Raising people’s ratio of omega-3 to omega-6 fats protected DNA “caps” and cut oxidation
By Craig Weatherby
Telomeres are DNA fragments that act as “caps” for the pieces of coiled DNA called chromosomes.
They serve much like the protective plastic at the ends of shoelaces, to prevent degradation of DNA … but telomeres gradually shorten over time, leaving DNA vulnerable to decay.
Because telomere shortening is linked to age-related diseases and early death, scientists have been looking for ways to help preserve telomere length.
As professor Ron Glaser of Ohio State University puts it, “If that plastic comes off, the shoelace unravels … in the same way, every time a cell divides, it loses a little bit of its DNA at the ends, and over time, that can cause significant problems.” (OSU 2012)
Dr. Glaser and colleagues from Ohio State University just reported exciting news from a controlled clinical trial.
These clinical findings lend strong support prior signs that omega-3s from fish fat help preserve telomeres.
Earlier study linked omega-3s to telomere protection
Two years ago, researchers based at the University of California compared the lengths of telomeres in blood cells from 608 heart patients at the beginning and end of a five-year period (see “Omega-3s' DNA-Telomere Effects vs. Heart Disease and Aging”).
They found that those with the lowest omega-3 levels experienced the speediest rate of telomere shortening, while those with the highest omega-3 levels showed the slowest rate of telomere shortening.
As the UC team wrote then, “These findings raise the possibility that omega-3 fatty acids may protect against cellular aging in patients with coronary heart disease” (Farzaneh-Far R et al. 2010).
Now, the results of a controlled clinical trial from OSU lend added weight to the idea that omega-3s help preserve telomeres and DNA … findings with positive implications for healthier aging.
Ohio State trial tests omega-3s as DNA-protectors
The OSU team conducted a placebo-controlled, double-blind trial among 106 healthy, sedentary overweight middle-aged and older adults (average age 51).
The researchers excluded people taking mood, cholesterol, or blood pressure drugs, vegetarians, diabetics, smokers, those routinely taking fish oil, people getting two hours of vigorous exercise weekly, and those whose body mass index was either below 22.5 or above 40.
The participants were divided into three groups, each assigned to a different regimen:
The omega-3 supplements contained an unusually high a ratio of omega-3 EPA to omega-3 DHA … seven to one versus the average of two to one found in most fish.
The OSU team chose to test these unusual omega-3 pills because previous findings had suggested that EPA has greater anti-inflammatory powers than DHA … although that assumption has been challenged by newer research.
Higher omega-3/6 ratio extended telomeres
When the researchers analyzed the participants’ blood cells, they found that having an increase in the omega-3 to omega-6 ratio was clearly associated with longer telomeres.
“The telomere finding is provocative in that it suggests the possibility that a single nutritional supplement might actually make a difference in aging,” said lead author Jan Kiecolt-Glaser, professor of psychiatry and psychology at Ohio State.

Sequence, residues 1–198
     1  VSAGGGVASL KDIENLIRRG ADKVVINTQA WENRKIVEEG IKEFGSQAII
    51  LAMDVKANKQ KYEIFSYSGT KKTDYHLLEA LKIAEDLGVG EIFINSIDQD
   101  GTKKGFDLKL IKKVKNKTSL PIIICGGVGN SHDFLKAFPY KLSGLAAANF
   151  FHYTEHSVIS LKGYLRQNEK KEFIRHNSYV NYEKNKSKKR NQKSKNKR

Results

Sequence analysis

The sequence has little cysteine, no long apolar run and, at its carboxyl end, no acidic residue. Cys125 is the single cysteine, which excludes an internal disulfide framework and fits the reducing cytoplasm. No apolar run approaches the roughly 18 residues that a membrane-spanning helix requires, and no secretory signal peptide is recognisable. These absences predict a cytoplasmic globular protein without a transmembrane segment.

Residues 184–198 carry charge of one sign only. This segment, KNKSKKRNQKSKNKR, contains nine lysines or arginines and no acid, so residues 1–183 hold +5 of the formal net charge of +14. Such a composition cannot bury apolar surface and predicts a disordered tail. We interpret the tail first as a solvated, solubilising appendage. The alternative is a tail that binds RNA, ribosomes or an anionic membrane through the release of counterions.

(While the length of telomeres increased in the volunteers who took omega-3 supplements, the relationship did not reach statistical significance, and could have been due to chance.)
Americans get a gross overload of omega-6 fatty acids from the cheapest, most commonly used vegetable oils (corn, soy, cottonseed, safflower, sunflower) and processed or prepared foods made with them.
But they get comparatively few omega-3s, whose best sources are cold-water fish such as salmon and tuna (and fish oil supplements).
While the ratio of omega-6 to omega-3 fatty acids in the standard American diet averages about 15-to-1, researchers agree that for maximum benefit, this ratio should be lowered to 4-to-1, or even 2-to-1.
To learn more, see “America’s Sickening ‘Omega Imbalance’”.
Omega-3s also cut oxidation and inflammation
In addition to the telomere-preservation benefit seen in this trial, a key measure of oxidative stress (F2-isoprostanes) dropped by about 15 percent in the omega-3 group, compared to the placebo group.
Dr. Kiecolt-Glaser and her colleagues reported that omega-3 supplements also lowered inflammation in this same group of adults.
And the OSU team previously found that decreases in an inflammatory marker in the blood (IL-6) were associated with telomere lengthening ... and that omega-3 supplements lowered IL-6 by 10 to 12 percent, depending on the dose.
Kiecolt-Glaser made a key point: “This finding strongly suggests that inflammation is what’s driving the changes in the telomeres. Anything that reduces inflammation has a lot of potentially good spinoffs among older adults.” (OSU 2012)
By comparison, those taking a placebo saw an overall 36 percent increase in IL-6 by the end of the study.
Kiecolt-Glaser also noted that because the participants were healthy – although overweight or obese and sedentary – other might gain even more benefit from omega-3s.
“People who are less healthy than this group, and especially those who experience chronic stress, may gain even more benefits from omega-3 supplementation,” she said. (OSU 2012)
The OSU researchers say the combination of effects they recorded suggests that omega-3 supplements could lower the risk for a host of diseases associated with aging, such as coronary heart disease, Type 2 diabetes, arthritis, and Alzheimer’s disease.
Their clinical trial was supported in part by grants from the National Institutes of Health.
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